Borrell's Muscovite Fiasco and EU-Russia Relations
18 February, 2021
Josep Borrell and Sergey Lavrov in Moscow, Russia, February 5 Press-service of the Delegation of the European Union to Russia
European leaders will need to make some tough choices on Russia. There is no workaround for this dilemma as Mr Borrell painfully witnessed in Moscow

An old British proverb says “curiosity killed the cat” and Josep Borrell was recklessly curious on February 5 when he visited Moscow in order to “discuss the challenges” the EU and Russia are facing (including issues where their views “diverge”) and to “listen to each other's concerns”. Well, the EU's high representative did hear Russia's “concerns” which were presented in a very blunt and almost offensive way. The head of the European Union's “common” [sic] foreign policy was humiliated by his Russian counterpart in front of a global audience as the joint press conference was broadcasted globally via satellite and the EU's own EbS broadcasting network. 

However, the writing was on the wall all along. The European Union may be by far Russia's biggest commercial partner, but at the same time it is considered by Russia's elite both as a geopolitical adversary and a major security threat. Ever since the war in Georgia in 2008, Moscow has grown weary of the EU's attempts to grow its influence in former Soviet republics, as it considers Europe's long-term strategy as an assault right in Russia's backyard and a breach of the 1994 Budapest Memorandum. The EU's policy towards Ukraine in particular is seen by Russia as an act of aggression, as Moscow considers Ukraine part of its security structure. 

While most leaders, politicians and foreign policy experts in the west view eastern Europe and the former Soviet republics through an “end of history” geopolitics lens, Russia is stubbornly committed to the post-WWII structure and the legacy of the 1944 “Percentages Agreement ”. I had a very interesting informal discussion with a retired Russian diplomat in 2019, just a few months after Greece had settled a decades-long dispute with what is now North Macedonia. Russia had tried in many ways to undermine the negotiations and block Skopje's path towards the EU. I almost naively asked the Russian diplomat, “Why did you do that?”. The answer I got was quite striking to me. “Mr Koutsomitis, in 1944 we agreed with the British and the Americans that our influence in Yugoslavia should be split 50/50. The EU has already absorbed Slovenia and Croatia, it is about to swallow Montenegro, and is negotiating an accession process with Serbia. Macedonia [sic] is part of our 50 per cent”. This all may sound quite trivial in 2021, but the Russian way of thinking regarding the equilibrium of power in Europe is still guided by the Cold War mentality.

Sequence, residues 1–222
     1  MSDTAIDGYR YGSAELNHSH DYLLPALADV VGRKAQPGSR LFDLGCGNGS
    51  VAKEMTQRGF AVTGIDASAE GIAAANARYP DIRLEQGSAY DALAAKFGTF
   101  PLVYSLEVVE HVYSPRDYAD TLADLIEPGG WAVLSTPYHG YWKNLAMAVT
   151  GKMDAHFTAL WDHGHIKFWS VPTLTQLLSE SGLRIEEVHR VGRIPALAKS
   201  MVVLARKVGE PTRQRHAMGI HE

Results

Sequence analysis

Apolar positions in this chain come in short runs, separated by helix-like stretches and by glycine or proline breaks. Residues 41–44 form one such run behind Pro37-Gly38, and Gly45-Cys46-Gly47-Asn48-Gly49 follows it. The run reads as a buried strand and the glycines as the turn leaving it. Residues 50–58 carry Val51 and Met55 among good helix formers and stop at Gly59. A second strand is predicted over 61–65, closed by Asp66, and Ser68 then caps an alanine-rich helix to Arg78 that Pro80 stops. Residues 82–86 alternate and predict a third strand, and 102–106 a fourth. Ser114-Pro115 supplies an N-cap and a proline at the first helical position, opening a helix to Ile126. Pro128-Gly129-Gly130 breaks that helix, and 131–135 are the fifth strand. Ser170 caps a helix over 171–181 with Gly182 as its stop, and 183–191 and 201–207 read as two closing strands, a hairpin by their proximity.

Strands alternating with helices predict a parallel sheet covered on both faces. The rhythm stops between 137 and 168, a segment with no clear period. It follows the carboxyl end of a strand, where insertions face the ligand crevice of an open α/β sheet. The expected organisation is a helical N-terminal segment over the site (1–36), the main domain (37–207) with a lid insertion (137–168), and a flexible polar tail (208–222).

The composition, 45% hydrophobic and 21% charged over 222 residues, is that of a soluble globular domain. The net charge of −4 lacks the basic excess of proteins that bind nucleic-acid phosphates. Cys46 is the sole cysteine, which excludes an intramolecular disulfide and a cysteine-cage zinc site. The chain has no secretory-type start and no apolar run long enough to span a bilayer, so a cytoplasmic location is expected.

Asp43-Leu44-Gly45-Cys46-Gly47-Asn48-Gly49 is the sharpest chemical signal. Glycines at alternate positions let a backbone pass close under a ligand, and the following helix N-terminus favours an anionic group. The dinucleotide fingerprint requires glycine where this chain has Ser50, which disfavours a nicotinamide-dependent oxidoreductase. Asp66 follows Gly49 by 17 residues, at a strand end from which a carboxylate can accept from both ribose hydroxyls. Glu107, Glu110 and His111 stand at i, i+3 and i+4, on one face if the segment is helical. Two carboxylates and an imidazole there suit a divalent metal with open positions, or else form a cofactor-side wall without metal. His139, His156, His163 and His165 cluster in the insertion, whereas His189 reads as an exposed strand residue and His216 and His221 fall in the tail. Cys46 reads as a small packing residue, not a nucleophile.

Another destabilizing factor in EU-Russia relations is Vladimir Putin's perception that the US (excluding Trump) and the majority of the EU member states are all gunning for a regime change in Russia. According to several people with knowledge of the Russian leader's beliefs, the watershed moment was back in 2011 during the “White Ribbon” protests in Russia that threatened to overthrow the regime. Putin concluded that most of the protests were orchestrated by US and European intelligence agencies aiming to topple his government and replace it with a puppet regime that would accommodate western interests and “contain” Russia's influence in the world. This has been Vladimir Putin's mantra ever since. The Russian leader used the exact same arguments during an interview with Russian journalists on Sunday when he blamed western powers for the pro-Navalny protests in several Russian cities. 

Russia's political and economic leaders are also very much aware that their country's long-term prospects are bleak, as its ability to maintain global power status is based on oil, gas and minerals' exports and will diminish over time. Europe's energy dependence on Russia will lessen in the next decades and the country's elite know quite well that time is not on their side. Russia will not be able to maintain superpower status through its vast nuclear arsenal alone, it needs to be an economic powerhouse as well. 

Josep Borrell should have known that it is practically impossible to seek better relations with Russia or to reach a basic understanding with Putin while attacking him by referring to Alexei Navalny's treatment by the Russian authorities. The Russian leader considers Navalny to be a major threat to his rule and to the survival of the Kremlin-Russian oligarchy nexus. Sergey Lavrov went as far as threatening a complete break-up of relations with the EU over Navalny, though the Kremlin later backtracked on this threat. 

European leaders are scheduled to have a thorough discussion of EU-Russia relations at the European Council on March 25, and they need to make some tough choices. The European Union has two options: it can either uphold its principles of fighting for human rights and democracy around the world and continue with its plans for enlargement, thus going fully against Putin, or it can turn a blind eye to Russia's numerous human rights violations, the suppression of opposition activists and the use of unconventional weapons to neutralise opponents. There is no workaround for this dilemma as Mr Borrell painfully witnessed in Moscow.

/This article written by Yannis Koutsomitis was originally published in on February 16